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Juno gets greatest view of Great Red Spot

Juno view of Great Red Spot
Jupiter’s Great Red Spot is ready for its close-up in this processed image from NASA’s Juno orbiter. (NASA / SwRI / MSSS / Gerald Eichstädt / Seán Doran)

The long-awaited close-ups of Jupiter’s Great Red Spot have arrived from NASA’s Juno orbiter, and they’re spectacular.

Juno has been orbiting the giant planet for more than a year, but last weekend’s flyby was the closest that the probe came to the solar system’s most famous superstorm. The JunoCam imager captured data from as little as 2,200 miles above the cloud tops, and the probe flew directly over the Great Red Spot at a distance of 5,600 miles.

It took a couple of days for the data to be transmitted and distributed, but today, image-processing wizards around the world got their chance to work their magic on the 10,000-mile-wide spot.

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Juno mission reveals surprises at Jupiter

Juno view of Jupiter south pole
This image shows Jupiter’s south pole, as seen by NASA’s Juno spacecraft from an altitude of 32,000 miles. The oval features are cyclones, up to 600 miles in diameter. (NASA / JPL-Caltech / SwRI / MSSS / Betsy Asher Hall / Gervasio Robles)

NASA’s Juno orbiter has been sending back stunning pictures of Jupiter for months, but now the mission’s scientists are sharing their first peer-reviewed findings about the planet’s previously unseen polar storms and powerful magnetic field.

“The results from Juno’s initial close passes of Jupiter are understanding of this gas giant,” the Juno science team, led by principal investigator Scott Bolton of the Southwest Research Institute, reports in the journal Science.

Bolton and his colleagues laid out those results today in a set of papers published by Science and Geophysical Research Letters, and in a NASA teleconference.

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Hubble telescope gives Jupiter its close-up

Jupiter as seen by Hubble
As Jupiter made its nearest approach to Earth in a year, the Hubble Space Telescope viewed the solar system’s largest planet in all of its up-close glory. This picture was taken on April 3 from a distance of 415 million miles. (STScI / ESA / NASA / GSFC Photo / A. Simon)

Jupiter is as close as it’ll get to Earth this year, and the Hubble Space Telescope took advantage of the opportunity with a stunning picture that shows off the giant planet’s best-known spots.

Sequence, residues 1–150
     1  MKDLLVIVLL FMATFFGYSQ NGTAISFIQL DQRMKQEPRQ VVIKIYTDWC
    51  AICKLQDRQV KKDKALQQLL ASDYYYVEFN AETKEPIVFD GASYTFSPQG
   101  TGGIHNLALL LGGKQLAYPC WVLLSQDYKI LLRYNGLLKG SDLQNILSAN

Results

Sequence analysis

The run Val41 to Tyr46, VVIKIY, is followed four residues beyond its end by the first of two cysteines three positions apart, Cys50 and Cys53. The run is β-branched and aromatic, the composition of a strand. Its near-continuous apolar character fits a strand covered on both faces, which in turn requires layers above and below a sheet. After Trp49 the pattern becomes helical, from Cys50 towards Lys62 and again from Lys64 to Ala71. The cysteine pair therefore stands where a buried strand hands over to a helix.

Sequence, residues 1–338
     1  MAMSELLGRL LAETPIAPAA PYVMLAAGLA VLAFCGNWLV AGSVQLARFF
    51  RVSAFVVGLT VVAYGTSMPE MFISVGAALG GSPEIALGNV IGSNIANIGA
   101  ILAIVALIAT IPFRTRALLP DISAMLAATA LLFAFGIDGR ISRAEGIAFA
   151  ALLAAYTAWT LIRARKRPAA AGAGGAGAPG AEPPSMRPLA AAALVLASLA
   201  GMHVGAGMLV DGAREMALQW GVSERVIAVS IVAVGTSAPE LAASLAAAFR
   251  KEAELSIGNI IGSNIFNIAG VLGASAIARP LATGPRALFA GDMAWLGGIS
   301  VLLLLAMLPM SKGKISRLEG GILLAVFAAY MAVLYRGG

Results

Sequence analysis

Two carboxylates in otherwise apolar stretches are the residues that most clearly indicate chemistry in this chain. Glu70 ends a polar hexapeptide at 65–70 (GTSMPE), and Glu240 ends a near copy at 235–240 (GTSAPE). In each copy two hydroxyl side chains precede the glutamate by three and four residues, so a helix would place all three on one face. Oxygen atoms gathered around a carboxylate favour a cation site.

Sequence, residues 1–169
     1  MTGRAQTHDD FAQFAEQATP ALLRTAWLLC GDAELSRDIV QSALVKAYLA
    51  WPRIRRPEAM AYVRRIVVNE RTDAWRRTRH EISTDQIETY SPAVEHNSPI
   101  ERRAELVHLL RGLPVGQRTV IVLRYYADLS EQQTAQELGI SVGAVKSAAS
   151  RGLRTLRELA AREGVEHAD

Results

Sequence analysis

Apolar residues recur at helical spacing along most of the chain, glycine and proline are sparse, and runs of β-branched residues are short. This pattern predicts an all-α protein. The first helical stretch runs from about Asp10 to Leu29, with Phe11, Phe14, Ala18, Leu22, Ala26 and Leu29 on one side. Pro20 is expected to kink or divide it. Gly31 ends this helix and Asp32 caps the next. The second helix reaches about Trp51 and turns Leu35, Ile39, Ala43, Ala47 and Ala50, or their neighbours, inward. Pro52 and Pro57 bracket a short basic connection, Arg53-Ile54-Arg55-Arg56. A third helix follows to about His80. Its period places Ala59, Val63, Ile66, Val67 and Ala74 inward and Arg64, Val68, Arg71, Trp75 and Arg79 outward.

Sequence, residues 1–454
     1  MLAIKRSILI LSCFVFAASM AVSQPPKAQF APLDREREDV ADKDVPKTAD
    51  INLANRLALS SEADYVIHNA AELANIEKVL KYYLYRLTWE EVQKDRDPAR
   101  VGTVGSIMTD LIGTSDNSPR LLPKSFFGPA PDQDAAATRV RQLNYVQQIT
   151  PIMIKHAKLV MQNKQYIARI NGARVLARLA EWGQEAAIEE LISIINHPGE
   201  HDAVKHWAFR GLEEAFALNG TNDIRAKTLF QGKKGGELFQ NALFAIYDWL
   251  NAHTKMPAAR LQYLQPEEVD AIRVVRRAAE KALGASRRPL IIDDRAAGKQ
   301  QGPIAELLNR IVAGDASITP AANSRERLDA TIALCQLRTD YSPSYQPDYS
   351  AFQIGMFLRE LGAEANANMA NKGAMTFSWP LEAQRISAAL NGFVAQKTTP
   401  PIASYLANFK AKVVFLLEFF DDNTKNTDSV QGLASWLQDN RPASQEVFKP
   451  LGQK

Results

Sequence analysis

Astronomer Amy Simon of NASA’s Goddard Space Flight Center arranged to have Hubble trained on the hemisphere that includes Jupiter’s Great Red Spot and another whirling storm to the south, dubbed “Red Spot Jr.” You can also see white spots speckling the planet’s cloud tops.

The interplay of orbits for Jupiter and Earth brought our two planets just 415 million miles apart, which means Hubble’s Wide Field Camera 3 could pick up features as small as 80 miles across.

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Amateurs create a video journey to Jupiter

Jupiter video
The Great Red Spot from the “Journey to Jupiter” video. (Peter Rosén et al. via YouTube)

While NASA’s Juno orbiter is giving Jupiter its close-up, a new video based on more than 1,000 images taken by 91 amateur astronomers provides the wide-angle view.

“A Journey to Jupiter” shows how bands of clouds, great red spots and pearl-colored storms whirl in different directions around the giant planet.

The images were captured between December 2014 and March 2015, then collated and remapped into cylindrical projections, then color-corrected and seamlessly stitched together, and then spiffed up with additional space imagery and a soothing soundtrack.

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Juno’s Jupiter snapshots show lots of spots

A photo of Jupiter’s south polar region, captured by the JunoCam imager on NASA’s Juno orbiter on Feb. 2, reveals an arc of white oval storms. (NASA / JPL-Caltech / SwRI / MSSS / Roman Tkachenko © CC BY)
A photo of Jupiter’s south polar region, captured by the JunoCam imager on NASA’s Juno orbiter on Feb. 2, reveals white oval storms. (NASA / JPL-Caltech / SwRI / MSSS / Roman Tkachenko © CC BY)

We all know Jupiter has a Great Red Spot, but the latest pictures from NASA’s Juno orbiter turn the spotlight on some nifty little white spots near the giant planet’s south pole.

The white oval storms may look like mere pockmarks on JunoCam’s profile, but they’re actually giant cyclones that are roughly as wide as the planet Mercury (3,000 miles or so).

“Jovian Antarctica” was one of the targets for Juno’s fourth close flyby of Jupiter on Feb. 2. The half-shadowed view of Jupiter’s disk was taken when the solar-powered probe was about 47,600 miles above the cloud tops.

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Jumping Jupiter! What a view from Juno!

Jupiter as seen by Juno